“Visiting new lands through study abroad trips proved as exciting for me as it was for my students. In my seven trips to Peru, we delved into the Incan culture, exploring and learning from its fascinating history.
Throughout the journey, I encouraged my students to collect indigenous art, pieces that evoke something new within while providing a keepsake to share and inspire others. Over the years, I collected many artifacts that piqued my interest, like those represented in this shadow box.
After each trip, my students would come to understand that they may empty their suitcases, but they will be unpacking their newfound perspective and treasured memories for years to come.
I hope these artifacts stimulate a curiosity and desire to explore the world through our study abroad programs. Wishing you amazing adventures and safe travels!”
– Mike Krajsa
The display can be found in the Welcome Center.
1. This unique molded alpaca fur/ leather face scrapping was crafted in the Urubamba region where artisans work making a variety of traditional leather goods
2. In ancient Peru, pottery had practical, ceremonial and religious purposes. For that reason, ceramic were often elaborately decorated or made to represent important human figures or animals. The large platter featuring numerous Incan symbols like the mountain, Apu, and the condor was crafted and hand painted in a village that has a co-op of over 80 potter families that have been working together for over 100 years. All the clay pottery is raku like fired around outdoor fire using century old practices. In the ancient religion and mythology of Peru, Ecuador, and Bolivia, an Apu is the term used to describe the spirits of mountains and sometimes solitary.
3. The Incans used this combined cow and ram horn to communicate with the different outposts along the Incan trail from Cusco to Machu Picchu. Before the Spaniards invaded, they used smoke signals, which would have given away their fortification positions to the enemy.
4. The ceramic painted pitcher featuring a Puma handle and hand paintings of the condor and other Incan symbols was used in many traditional Incan ceremonies. It is also used to serve Chicha, a fermented corn liquor, which has a long historical significance. In times of warfare, the Incas would take the decapitated skull of their enemies and turn them into a drinking vessels for Chicha. This ceremonial process of drinking Chicha from the head of a foe symbolized the successful transformation from the disorder of warfare to the order of the Incan Empire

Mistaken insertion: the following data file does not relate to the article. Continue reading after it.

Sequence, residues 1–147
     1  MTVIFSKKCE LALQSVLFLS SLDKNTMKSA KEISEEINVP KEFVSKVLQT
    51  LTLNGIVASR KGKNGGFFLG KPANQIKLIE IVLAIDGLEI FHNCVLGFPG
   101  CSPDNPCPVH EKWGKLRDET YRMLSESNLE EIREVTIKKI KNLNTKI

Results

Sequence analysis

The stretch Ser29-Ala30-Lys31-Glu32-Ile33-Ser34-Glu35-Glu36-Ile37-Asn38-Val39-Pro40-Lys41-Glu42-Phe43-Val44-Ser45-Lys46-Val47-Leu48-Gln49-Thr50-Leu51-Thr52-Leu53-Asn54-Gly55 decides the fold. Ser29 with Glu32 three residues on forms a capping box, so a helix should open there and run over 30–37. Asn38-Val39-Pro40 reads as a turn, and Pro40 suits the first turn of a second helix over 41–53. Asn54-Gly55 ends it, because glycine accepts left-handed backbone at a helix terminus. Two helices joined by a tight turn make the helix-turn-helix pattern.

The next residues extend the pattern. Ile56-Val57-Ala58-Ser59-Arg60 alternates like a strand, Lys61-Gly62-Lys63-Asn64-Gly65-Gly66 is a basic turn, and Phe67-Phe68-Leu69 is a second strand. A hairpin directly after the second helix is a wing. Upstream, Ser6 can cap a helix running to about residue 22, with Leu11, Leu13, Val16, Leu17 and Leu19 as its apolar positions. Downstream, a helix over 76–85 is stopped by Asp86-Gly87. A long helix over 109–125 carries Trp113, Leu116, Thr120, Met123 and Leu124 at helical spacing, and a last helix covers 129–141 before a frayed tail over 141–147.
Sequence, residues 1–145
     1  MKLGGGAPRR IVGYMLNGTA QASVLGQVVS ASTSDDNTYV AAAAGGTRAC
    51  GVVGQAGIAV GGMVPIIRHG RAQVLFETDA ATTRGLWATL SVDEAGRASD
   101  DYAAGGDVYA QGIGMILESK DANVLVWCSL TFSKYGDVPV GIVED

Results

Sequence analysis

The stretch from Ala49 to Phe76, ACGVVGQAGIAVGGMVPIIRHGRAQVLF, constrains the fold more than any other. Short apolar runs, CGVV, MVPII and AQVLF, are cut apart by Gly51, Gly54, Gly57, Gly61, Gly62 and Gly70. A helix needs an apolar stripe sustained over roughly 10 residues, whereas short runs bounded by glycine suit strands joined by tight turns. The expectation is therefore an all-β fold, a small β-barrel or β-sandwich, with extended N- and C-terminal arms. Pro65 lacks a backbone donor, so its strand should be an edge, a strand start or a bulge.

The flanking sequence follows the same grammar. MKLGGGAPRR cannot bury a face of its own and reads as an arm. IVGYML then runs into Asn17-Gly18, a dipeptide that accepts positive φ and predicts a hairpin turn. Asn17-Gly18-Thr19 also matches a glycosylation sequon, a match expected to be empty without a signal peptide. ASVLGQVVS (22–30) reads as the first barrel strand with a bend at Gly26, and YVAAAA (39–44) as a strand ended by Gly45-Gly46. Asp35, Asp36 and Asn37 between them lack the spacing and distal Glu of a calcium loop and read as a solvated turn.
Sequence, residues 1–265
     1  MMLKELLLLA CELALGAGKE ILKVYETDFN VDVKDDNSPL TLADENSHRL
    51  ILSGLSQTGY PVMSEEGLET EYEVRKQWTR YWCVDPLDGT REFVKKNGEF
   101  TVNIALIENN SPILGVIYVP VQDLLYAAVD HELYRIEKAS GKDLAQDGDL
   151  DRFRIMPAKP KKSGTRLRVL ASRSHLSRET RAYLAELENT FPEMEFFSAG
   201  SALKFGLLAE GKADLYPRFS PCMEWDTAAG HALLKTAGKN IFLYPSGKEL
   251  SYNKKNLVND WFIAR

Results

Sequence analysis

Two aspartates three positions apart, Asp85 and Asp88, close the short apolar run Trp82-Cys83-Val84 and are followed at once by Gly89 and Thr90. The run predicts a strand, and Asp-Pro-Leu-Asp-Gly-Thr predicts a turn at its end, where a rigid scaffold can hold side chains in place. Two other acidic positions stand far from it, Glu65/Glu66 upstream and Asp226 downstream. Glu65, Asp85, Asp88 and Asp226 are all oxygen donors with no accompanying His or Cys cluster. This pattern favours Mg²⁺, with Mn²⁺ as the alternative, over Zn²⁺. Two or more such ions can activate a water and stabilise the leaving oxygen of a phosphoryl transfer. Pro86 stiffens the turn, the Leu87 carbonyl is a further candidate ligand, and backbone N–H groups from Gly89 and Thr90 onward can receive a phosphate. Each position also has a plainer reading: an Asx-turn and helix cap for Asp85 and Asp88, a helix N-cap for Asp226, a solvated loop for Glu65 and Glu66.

5. The bulls and cross, known as Torito de Pucara, are placed on the roof for good luck, fertility (of crops and livestock) and to bring prosperity. They are typically given as presents for extra luck and pretty much every building you see in southern Peru has one of the decorations on the highest point if its roof. In consider the bull a symbol of fertility. When Catholicism came to Peru, the cross was added.
6. The most symbolic representation and embodiment of Incan culture is the Incan Cross hanging on the string.
- The lower world (Uqhu Pacha) represented the underworld and death
- The middle world (Kay Pacha) represented the world of human life
- The upper world (Hanan Pacha) included the stars, celestial beings and gods
- the snake, living underground, represented the lower world
- the puma, a powerful land animal represented the middle world
- the condor represented the upper world in the sky
- don’t steal
- don’t lie
- don’t be lazy
- love and well doing
7. The white 3 tiered platter and carved bowl are from Ayacucho, a region at 9,000 feet in the Andes famous for its intricate carvings of Humana stone, an indigenous form of white alabaster. The Nittany Lion was commissioned and carved here as well.
8. The ceramic small dish featuring two prominent Incan symbols, the condor and culebra (snake), along with the pottery table set below are examples of their ceramic artistry from the Sacred Valley.
9. The carved and decorated pipe is used in various Incan ceremonies such as Ayahuasca. Ayahuasca is a South American psychoactive and entheogenic brewed drink traditionally used both socially and as a ceremonial or shamanic spiritual medicine among the indigenous peoples of the Amazon basin.
10. The scarf was woven of Alpaca from the village of Cachuma where students built over 20 green houses with Heifer International and other NGOs over several trips to Peru.